Epstein And Brook's Essay: The Heedlessness Of Animal Rights

814 Words 4 Pages
The Heedlessness of Animal Rights
Animal rights are the rights believed to belong to animals, so they can live experiment-free. The basic principle of animal rights according to PETA states that “animals are not ours to eat, wear, experiment on or use for entertainment” (BROOK). It is no secret that animal rights is one of the paramount controversial topics of the 21st century. There are still debates today between animal rights activists and animal rights terrorists. However animal rights activists seem to captivate different audiences through the media. Alex Epstein and Yaron Brook, the co-authors of the essay “The Evil of Animal “Rights”’ elucidate that, animal rights activists are terrorists who use violence to get their requests accepted by different entities. Epstein and Brook, who are for animal testing belief that, using animals for testing is very vital when conducting research for possible cures of terminal diseases like cancer and AIDS. However, they do not seem to get their way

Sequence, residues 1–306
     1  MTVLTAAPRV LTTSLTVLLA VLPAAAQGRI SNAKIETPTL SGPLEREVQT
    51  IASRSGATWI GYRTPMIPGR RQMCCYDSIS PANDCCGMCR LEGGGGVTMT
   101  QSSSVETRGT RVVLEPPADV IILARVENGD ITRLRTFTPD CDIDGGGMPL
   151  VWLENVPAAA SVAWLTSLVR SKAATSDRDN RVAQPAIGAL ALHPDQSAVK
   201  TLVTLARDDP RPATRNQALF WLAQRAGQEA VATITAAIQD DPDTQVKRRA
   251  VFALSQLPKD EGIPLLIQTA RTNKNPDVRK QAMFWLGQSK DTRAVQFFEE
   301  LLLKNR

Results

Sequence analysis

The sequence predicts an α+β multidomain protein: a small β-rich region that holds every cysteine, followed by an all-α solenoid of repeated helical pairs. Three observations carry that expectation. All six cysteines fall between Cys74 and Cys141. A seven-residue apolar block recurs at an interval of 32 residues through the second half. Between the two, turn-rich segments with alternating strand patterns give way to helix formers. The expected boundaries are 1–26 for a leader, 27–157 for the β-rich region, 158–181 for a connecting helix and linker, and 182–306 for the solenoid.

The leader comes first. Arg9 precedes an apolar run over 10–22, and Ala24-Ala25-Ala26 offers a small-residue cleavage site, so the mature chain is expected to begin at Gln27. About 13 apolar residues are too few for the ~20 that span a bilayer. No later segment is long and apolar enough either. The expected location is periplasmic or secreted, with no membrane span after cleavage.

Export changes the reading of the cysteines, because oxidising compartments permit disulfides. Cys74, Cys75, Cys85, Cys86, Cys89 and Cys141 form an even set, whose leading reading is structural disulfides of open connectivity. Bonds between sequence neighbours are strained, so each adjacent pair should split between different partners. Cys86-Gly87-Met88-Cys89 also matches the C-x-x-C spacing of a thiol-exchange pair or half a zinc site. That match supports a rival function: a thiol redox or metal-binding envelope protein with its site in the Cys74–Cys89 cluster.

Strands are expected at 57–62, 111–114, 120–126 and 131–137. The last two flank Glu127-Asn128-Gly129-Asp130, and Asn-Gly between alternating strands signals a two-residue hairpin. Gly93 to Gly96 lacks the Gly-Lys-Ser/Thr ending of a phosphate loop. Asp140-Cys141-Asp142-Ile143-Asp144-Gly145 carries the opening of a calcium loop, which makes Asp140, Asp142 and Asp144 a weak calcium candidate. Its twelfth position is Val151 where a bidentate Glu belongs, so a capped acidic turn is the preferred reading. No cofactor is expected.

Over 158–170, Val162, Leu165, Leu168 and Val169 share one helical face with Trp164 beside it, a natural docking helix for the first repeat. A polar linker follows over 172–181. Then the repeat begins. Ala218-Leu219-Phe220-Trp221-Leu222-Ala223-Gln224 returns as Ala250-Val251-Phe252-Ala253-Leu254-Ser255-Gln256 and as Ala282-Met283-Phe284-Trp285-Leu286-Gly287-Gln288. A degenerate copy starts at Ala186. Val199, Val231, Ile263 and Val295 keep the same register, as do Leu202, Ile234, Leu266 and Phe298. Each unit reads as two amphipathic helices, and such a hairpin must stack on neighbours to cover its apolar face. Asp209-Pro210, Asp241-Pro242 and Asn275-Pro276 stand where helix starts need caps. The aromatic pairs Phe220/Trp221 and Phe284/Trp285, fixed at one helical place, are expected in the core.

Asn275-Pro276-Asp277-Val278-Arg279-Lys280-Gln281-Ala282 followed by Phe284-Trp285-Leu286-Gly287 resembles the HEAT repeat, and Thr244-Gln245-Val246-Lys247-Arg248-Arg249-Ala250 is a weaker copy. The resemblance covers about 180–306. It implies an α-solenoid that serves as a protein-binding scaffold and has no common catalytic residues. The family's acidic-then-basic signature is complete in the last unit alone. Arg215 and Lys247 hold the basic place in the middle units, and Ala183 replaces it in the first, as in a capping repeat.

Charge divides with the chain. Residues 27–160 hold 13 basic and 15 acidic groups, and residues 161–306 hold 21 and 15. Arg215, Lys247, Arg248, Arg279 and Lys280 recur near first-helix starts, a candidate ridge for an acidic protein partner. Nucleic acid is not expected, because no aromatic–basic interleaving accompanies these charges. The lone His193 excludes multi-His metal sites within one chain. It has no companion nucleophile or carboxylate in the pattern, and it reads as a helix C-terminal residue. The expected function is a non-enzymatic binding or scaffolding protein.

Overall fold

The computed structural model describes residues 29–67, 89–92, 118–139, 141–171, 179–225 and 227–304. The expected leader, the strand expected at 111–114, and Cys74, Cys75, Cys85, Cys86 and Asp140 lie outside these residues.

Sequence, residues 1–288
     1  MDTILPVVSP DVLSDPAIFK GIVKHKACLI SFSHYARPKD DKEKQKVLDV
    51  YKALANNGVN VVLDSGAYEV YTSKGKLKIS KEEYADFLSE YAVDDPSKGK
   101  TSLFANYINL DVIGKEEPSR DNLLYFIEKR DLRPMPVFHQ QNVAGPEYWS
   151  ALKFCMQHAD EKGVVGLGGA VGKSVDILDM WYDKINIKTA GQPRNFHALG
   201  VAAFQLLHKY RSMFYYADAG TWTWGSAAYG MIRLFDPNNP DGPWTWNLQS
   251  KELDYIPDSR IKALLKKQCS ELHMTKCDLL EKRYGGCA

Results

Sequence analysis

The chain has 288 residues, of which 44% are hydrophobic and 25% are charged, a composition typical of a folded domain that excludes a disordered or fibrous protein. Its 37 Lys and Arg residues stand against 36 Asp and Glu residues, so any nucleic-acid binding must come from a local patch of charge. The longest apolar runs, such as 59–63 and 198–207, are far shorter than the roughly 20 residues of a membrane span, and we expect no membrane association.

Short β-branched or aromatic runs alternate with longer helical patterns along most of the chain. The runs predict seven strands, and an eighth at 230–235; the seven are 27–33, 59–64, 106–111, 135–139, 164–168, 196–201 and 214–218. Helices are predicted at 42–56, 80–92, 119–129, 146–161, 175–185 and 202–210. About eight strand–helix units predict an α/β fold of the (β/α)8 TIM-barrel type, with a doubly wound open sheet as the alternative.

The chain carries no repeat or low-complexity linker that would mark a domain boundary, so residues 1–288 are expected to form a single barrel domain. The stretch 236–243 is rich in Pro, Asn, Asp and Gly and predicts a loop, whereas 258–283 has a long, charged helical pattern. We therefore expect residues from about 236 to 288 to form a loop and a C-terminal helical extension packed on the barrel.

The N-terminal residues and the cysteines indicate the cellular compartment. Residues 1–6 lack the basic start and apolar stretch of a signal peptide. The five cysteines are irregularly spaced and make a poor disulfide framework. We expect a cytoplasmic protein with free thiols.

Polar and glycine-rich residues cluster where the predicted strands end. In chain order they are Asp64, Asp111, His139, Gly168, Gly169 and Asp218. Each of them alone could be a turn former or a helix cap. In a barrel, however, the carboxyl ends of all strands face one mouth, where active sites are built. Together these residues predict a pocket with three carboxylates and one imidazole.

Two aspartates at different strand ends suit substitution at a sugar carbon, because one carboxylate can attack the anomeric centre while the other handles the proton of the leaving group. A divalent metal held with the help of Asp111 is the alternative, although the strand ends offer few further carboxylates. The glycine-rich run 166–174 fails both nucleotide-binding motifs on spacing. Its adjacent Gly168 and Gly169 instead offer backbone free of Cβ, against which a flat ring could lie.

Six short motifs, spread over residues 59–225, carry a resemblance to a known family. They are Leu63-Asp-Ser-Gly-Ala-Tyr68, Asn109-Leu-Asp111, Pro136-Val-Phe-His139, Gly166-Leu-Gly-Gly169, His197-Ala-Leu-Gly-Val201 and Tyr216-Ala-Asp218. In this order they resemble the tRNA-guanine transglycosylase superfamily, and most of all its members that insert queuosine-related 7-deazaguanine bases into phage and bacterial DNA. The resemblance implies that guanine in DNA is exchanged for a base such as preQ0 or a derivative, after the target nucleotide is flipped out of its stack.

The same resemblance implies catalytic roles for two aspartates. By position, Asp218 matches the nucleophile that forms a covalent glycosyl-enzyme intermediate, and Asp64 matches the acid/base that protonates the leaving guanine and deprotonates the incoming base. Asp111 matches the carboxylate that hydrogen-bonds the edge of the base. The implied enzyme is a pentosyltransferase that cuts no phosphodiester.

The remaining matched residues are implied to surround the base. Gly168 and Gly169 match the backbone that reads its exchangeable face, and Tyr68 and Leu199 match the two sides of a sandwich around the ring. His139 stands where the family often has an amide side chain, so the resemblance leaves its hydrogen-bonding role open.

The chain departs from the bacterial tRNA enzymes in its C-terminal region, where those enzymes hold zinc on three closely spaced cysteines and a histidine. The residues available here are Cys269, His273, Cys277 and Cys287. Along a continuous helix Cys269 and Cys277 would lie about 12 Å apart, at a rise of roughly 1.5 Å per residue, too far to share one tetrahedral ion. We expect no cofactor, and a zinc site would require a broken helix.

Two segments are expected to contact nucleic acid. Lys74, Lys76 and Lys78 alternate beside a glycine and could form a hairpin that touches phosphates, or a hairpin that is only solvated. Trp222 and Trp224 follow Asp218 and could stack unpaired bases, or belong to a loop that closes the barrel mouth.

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Eleven cars belonging to Huntingdon employees have been firebombed, a senior manager had a caustic substance thrown into his eyes by a protester, and the company’s managing director was seriously beaten by masked assailants (qtd. In …show more content…
They also use emotional appeal (pathos) effectively when they write “to abide by this principle, we must leave animals free–to overrun and destroy our property, to eat our food, even to kill our children” (BROOK). However, it can be countered that Epstein and Brook use a slippery slope fallacy and an either/or fallacy because they give the readers a false impression that if animals have rights, they will eat our food, kill our children and ultimately be the sole cause to the extinction of the human race without providing any potent

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